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An Espalier of Saints



I’ve been reading Thomas Merton’s The Sign of Jonas lately, while I watch my daughter take gymnastics. The room is a cavernous space, ceilinged by giant fans that only somewhat dissipate the odor of sweat. The floor is an evolving phantasm of trampolines and colorful foam sculptures, all designed to make falling a more pleasant experience. In between are various ropes, beams, rings, and bars more fit for an orangutan’s strength than a person’s.


My daughter and her classmates do their exercises beneath these, venturing onto various apparatus at the direction of their coaches. The smaller athletes are not allowed to attempt just any old movement, yet they test the limits of their own boldness. It’s obvious they want to go further, to climb higher. The twelve-year-olds wish to be fifteen, the nine-year-olds to be twelve, the four-year-olds to be nine.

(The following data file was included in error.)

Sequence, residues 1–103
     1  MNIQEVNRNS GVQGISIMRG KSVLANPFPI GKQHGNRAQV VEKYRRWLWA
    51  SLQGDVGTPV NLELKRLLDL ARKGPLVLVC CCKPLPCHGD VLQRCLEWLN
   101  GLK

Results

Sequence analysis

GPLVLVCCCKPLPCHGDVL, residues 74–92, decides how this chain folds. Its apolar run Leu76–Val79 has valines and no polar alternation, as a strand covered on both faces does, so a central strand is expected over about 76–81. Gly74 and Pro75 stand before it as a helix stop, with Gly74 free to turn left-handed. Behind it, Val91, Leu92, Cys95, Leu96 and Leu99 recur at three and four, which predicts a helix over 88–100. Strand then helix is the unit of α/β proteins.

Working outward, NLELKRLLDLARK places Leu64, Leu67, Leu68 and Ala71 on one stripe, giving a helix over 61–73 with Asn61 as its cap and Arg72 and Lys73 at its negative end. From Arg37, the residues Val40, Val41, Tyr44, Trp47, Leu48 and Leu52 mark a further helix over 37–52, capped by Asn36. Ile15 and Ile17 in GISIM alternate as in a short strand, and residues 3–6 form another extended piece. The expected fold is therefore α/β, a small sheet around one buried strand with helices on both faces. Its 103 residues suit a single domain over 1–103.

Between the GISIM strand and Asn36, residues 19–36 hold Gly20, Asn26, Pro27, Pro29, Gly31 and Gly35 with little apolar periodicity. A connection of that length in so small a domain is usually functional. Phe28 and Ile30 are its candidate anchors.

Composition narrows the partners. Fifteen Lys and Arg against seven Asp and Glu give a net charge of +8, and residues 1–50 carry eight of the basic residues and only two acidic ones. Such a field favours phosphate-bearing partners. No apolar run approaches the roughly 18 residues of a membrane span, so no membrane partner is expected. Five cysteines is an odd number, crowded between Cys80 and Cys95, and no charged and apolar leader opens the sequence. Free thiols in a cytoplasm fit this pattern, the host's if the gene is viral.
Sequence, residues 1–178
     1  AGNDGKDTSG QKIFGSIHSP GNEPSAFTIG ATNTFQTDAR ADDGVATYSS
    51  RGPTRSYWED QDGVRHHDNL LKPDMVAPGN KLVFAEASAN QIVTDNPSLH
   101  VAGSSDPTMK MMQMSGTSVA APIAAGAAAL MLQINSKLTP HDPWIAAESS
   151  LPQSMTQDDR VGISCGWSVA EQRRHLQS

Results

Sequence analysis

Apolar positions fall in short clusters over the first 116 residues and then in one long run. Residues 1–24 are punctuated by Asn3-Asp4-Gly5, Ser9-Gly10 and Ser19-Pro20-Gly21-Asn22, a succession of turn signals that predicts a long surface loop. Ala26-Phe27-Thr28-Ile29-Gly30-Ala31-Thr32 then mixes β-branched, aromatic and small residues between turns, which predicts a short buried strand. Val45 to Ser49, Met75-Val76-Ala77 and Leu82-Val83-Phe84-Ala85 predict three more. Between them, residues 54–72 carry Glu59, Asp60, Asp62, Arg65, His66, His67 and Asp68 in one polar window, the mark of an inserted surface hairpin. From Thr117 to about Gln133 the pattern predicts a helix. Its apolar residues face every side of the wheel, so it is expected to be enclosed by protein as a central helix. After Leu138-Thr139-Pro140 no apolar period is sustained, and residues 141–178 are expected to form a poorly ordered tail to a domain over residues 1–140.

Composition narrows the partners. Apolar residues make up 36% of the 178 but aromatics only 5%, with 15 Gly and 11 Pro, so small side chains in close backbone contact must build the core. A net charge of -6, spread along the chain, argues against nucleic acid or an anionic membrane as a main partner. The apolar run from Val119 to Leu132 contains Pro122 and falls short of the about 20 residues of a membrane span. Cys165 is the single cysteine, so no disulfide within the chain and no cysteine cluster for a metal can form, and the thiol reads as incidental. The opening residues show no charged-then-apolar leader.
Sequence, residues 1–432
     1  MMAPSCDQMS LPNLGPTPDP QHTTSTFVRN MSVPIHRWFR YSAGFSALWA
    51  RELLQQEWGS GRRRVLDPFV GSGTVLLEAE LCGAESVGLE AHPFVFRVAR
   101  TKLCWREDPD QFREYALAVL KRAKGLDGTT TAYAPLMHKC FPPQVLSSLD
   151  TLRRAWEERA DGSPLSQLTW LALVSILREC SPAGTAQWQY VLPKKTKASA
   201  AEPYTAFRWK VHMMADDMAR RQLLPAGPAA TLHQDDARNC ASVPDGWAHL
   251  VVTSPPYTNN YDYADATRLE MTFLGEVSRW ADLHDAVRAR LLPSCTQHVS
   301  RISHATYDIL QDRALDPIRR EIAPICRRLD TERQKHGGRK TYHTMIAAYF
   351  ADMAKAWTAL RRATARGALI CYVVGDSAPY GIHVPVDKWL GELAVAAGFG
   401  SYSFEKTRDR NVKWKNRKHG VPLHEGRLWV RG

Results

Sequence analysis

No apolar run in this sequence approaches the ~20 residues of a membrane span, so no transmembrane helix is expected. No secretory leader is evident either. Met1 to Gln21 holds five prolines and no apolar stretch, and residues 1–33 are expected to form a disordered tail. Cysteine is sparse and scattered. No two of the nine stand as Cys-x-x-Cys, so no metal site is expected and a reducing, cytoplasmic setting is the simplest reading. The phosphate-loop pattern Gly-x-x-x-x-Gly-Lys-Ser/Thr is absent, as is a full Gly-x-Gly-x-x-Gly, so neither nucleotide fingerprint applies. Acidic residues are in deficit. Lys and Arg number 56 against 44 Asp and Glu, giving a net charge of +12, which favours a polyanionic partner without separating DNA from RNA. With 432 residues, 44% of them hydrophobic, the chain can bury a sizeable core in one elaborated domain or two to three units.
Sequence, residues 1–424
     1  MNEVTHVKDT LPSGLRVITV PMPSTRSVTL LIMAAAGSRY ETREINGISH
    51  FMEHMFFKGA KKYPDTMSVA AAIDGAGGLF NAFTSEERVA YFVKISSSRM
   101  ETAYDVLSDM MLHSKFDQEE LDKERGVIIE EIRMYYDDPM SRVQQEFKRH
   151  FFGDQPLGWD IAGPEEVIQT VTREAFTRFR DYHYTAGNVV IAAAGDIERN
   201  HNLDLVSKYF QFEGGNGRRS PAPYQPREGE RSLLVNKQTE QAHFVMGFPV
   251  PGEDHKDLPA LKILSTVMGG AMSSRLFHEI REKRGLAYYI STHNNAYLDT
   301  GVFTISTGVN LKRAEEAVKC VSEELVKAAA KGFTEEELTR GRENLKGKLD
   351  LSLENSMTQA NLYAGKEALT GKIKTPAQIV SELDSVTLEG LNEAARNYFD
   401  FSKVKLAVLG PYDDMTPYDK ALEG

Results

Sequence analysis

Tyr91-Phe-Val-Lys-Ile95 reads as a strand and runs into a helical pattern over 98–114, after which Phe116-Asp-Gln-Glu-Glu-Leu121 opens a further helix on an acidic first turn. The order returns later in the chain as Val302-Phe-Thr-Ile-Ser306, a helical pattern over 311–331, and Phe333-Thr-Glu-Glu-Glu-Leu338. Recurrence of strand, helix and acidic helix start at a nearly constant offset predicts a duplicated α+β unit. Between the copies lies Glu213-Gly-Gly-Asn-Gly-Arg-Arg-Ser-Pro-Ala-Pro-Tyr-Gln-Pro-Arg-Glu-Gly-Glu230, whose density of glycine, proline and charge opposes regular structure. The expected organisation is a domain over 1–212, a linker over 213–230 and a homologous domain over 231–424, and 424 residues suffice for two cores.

In the same gym as these tiny sprites are 18-year-olds appearing to contend as world champion tumblers. Muscled like Delacroix paintings, these new adults launch upward as though leaving a trebuchet. It inspires some alarm to have Olympic aerials translated from television into real life. The parent in me cringes. Not to say the coaches and athletes aren’t careful. In point of fact, all the somersaults, handsprings, L-sits, dismounts, and flight elements follow meticulously constructed body patterns many seasons in the making. Each astounding turn of a gymnast is a lightning bolt tracing down an unseen trail of ions, a pathway of yearslong discipline. That invisible part is what my daughter is currently enduring.


The younger children work on small drills, inscribing their bodily memories with rote stretches and minuscule swings, slowly teaching each muscle from week to week to leverage a little more weight over thin air. From the gallery, it appears to run the risk of boredom. While the advanced students wheel through the air around them, the newest amateurs merely hold their hands up and pogo down a long trampoline. Or they roll. Or they walk on a line.

If we are compared to plants in Scripture, to vines and lilies and oaks, it stands to reason that the obedience of these creatures should be iconic to us. Obedience should stand apart from understanding. Adam Whipple